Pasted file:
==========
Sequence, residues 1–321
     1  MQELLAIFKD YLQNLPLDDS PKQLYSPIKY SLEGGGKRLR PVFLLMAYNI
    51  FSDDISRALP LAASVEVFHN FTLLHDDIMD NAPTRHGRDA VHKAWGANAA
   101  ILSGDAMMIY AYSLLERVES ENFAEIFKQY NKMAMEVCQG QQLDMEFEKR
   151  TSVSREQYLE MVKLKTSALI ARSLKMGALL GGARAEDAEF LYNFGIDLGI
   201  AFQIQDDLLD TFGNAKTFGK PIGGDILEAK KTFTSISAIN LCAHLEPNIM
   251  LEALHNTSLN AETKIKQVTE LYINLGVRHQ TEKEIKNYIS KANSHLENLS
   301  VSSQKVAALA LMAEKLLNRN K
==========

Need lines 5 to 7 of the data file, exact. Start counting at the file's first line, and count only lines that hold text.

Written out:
   151  TSVSREQYLE MVKLKTSALI ARSLKMGALL GGARAEDAEF LYNFGIDLGI
   201  AFQIQDDLLD TFGNAKTFGK PIGGDILEAK KTFTSISAIN LCAHLEPNIM
   251  LEALHNTSLN AETKIKQVTE LYINLGVRHQ TEKEIKNYIS KANSHLENLS